The Great Red Sox Lineup Fix

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The Great Red Sox Lineup Fix
(Photo by Stephen Dunn/Getty Images)

Everyone is well-aware of the season-long struggles of Red Sox designated hitter David Ortiz, whose numbers (.208-0-15), would be cause for grumblings even for a player such as Jason Varitek, who struggled heavily last season.

Manager Terry Francona benched Ortiz for Friday's series opener at the Seattle Mariners and said that Ortiz could sit for more than just the one game.

The benching follows Thursday afternoon's extra-inning affair against the Los Angeles Angels of Anaheim, in which Ortiz went 0-for-7 which three strikeouts while tying Trot Nixon for the franchise record with 12 runners left on base.

For the Sox' game against the Mariners, J.D. Drew was moved up into the No. 3 spot in place of Ortiz. Francona always try to alternate batters in his lineup, left-right-left-right, as much as possible, and with the lefty Drew, Francona was able to keep his alternating batting order.

Last season, when Ortiz was on the disabled list for a wrist injury, Drew filled in predominantly in the No. 3 hole.

Everyone remembers the scorching month of June that Drew put up: .337/.462/.848 for a 1.310 OPS, 12 home runs, 21 extra base hits, 21 base on balls, and 27 RBI.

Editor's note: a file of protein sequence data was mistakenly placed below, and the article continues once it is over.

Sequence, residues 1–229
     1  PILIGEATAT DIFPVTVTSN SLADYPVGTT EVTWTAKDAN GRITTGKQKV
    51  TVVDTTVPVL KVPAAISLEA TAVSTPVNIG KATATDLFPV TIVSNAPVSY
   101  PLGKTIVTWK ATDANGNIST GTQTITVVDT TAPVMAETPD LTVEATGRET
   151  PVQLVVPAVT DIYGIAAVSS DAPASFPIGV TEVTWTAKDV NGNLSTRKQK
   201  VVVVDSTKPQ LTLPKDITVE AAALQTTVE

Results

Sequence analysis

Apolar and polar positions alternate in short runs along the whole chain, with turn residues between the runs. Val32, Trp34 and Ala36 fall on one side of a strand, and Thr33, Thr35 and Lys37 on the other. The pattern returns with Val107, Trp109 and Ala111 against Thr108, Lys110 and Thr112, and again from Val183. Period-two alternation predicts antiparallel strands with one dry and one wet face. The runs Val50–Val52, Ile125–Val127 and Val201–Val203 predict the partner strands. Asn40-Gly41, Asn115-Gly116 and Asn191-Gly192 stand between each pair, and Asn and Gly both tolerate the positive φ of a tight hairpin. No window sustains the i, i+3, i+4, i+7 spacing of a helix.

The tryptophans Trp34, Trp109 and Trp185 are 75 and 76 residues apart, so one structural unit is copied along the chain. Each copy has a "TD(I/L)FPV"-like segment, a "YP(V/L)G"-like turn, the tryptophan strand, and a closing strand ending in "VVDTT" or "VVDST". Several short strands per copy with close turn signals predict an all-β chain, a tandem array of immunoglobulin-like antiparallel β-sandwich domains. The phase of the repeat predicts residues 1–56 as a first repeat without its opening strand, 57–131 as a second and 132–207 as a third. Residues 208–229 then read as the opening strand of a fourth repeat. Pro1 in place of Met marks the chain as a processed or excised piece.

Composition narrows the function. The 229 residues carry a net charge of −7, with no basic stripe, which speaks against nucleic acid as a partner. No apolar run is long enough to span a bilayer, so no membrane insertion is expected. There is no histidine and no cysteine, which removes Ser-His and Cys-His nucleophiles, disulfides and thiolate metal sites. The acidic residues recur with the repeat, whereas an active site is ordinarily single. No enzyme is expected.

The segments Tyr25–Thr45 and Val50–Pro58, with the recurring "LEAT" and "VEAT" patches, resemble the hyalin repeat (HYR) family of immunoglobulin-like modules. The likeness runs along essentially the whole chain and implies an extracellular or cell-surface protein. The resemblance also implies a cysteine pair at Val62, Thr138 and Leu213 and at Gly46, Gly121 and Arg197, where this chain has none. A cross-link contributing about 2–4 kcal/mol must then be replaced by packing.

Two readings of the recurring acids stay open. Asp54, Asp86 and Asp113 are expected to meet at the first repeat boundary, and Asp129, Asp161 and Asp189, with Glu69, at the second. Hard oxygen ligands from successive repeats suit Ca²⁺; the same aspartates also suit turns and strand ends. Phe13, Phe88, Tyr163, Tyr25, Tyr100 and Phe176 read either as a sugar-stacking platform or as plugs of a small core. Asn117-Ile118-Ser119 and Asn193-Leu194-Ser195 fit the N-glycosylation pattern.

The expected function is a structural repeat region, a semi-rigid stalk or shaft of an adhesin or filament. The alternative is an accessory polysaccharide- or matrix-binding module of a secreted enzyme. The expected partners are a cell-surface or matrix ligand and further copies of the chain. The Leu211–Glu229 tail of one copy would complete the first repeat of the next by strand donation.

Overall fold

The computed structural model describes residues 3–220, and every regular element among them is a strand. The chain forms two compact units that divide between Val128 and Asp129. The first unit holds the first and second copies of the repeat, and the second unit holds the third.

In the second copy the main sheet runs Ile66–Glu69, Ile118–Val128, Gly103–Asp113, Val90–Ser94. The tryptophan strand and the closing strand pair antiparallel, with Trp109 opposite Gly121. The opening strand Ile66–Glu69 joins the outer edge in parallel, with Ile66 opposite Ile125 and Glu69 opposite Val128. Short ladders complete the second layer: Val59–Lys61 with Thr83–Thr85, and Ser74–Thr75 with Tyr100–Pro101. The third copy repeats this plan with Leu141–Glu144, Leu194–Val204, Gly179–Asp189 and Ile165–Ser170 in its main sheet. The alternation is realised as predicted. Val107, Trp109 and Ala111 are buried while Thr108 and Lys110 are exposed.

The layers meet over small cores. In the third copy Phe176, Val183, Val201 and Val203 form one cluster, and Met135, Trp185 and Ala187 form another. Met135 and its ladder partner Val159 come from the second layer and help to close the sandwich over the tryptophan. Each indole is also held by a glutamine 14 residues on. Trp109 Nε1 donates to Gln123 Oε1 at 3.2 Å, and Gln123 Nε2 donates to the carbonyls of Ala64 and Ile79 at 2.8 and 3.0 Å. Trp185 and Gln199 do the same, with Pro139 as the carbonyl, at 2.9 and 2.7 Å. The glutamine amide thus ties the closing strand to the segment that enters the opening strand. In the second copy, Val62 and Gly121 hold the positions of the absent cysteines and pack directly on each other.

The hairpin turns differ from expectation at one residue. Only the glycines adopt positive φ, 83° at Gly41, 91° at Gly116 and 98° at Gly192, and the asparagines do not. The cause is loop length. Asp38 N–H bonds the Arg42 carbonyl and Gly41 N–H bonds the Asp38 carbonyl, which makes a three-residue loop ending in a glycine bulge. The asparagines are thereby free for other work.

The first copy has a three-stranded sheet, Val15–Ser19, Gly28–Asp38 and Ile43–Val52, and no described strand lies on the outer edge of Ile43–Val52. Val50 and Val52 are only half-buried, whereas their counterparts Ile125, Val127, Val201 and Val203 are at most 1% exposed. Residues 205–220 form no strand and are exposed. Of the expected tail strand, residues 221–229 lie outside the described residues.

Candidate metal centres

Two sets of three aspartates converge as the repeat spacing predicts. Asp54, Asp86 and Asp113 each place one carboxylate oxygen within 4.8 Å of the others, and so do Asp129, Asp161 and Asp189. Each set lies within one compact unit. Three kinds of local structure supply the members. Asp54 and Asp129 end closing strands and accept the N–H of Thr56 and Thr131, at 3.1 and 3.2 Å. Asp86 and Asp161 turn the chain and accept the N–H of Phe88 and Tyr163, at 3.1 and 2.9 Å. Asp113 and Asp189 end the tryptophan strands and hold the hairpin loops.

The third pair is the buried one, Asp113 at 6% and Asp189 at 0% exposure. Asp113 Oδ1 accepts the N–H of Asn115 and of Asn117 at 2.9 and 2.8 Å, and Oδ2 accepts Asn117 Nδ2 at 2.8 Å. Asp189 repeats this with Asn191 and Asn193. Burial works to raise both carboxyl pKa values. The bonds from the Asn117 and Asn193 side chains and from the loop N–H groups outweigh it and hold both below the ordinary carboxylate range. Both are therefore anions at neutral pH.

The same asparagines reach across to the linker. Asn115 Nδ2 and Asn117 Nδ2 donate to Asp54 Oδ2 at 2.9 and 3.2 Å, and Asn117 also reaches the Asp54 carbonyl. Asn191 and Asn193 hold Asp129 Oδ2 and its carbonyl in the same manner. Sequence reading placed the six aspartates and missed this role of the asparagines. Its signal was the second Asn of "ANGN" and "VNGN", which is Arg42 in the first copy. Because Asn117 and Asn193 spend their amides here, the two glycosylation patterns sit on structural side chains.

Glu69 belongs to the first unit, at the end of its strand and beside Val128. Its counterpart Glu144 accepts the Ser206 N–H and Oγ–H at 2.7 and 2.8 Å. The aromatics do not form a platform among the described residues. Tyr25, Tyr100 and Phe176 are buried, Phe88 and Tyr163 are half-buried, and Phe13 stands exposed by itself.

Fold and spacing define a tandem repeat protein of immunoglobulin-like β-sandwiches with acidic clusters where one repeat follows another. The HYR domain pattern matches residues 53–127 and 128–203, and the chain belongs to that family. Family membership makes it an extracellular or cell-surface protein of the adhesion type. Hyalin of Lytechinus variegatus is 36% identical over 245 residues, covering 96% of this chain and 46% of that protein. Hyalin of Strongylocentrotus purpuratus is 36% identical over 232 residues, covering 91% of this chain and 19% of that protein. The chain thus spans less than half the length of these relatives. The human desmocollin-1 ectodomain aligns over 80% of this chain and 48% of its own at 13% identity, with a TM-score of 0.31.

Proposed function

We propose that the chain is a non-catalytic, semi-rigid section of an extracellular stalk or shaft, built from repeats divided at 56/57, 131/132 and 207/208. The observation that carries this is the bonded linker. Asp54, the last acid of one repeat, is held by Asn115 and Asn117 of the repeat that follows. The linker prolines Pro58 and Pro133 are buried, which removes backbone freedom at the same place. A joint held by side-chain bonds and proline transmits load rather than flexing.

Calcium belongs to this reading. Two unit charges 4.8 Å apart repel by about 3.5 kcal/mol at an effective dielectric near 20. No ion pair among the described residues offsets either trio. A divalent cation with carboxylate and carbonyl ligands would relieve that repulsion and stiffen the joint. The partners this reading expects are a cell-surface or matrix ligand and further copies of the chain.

All of those numbers came from hitting in the No. 3 hole, and when Ortiz returned, Drew went back into his customary role in the bottom half of the lineup and had what we have come to know as typical J.D. Drew Red Sox numbers: a high on-base percentage, few extra base hits, and untimely hits.

In the No. 3 hole for the first time this season last night, Drew went 3-for-5 with a double, run scored, and an RBI.

It may seem as though this is looking into too small a sample, but this is not just a coincidence.

The Red Sox lineup is in rough shape these days, anyway, because of injuries to Kevin Youkilis and Dustin Pedroia.

In the place of Ortiz last night, Rocco Baldelli got the start as the designated hitter and batted fifth.

If we sub Ortiz back in that lineup and put Youkilis in (due back from the disabled list in about a week), we'll get:

1. Jacoby Ellsbury
2. Pedroia
3. Drew
4. Youkilis
5. Ortiz
6. Jason Bay
7. Mike Lowell
8. Jason Varitek
9. Julio Lugo

Per Francona's alternating hitters rule, the lineup in that respect remains unchanged, with the only two hitters from the same side of the plate in a row is Bay and Lowell.

This lineup does several things.

First, (and most obviously) it takes advantage of Drew's prowess in the No. 3 hole and allows his RBI opportunities with Ellsbury (who is, by the way, batting .307 on the year while trailing only Carl Crawford for the major league lead in stolen bases) and Pedroia so often on base.

Second, Ortiz will still be thought of as somewhat of a threat to opposing pitchers, as evidenced by the 20 walks he has drawn. Bay will provide protection for him, so pitchers cannot simply throw around him.

The rest of the lineup remains unchanged.

The only problem with this is that Francona is a player's manager. He has said that he has a great deal of loyalty to Ortiz and is not going to give up on him only six weeks into the season.

But, if Ortiz continues to struggle and Drew continues to be hot in the three spot, the change must happen for the Sox to really get the most out of their offense.

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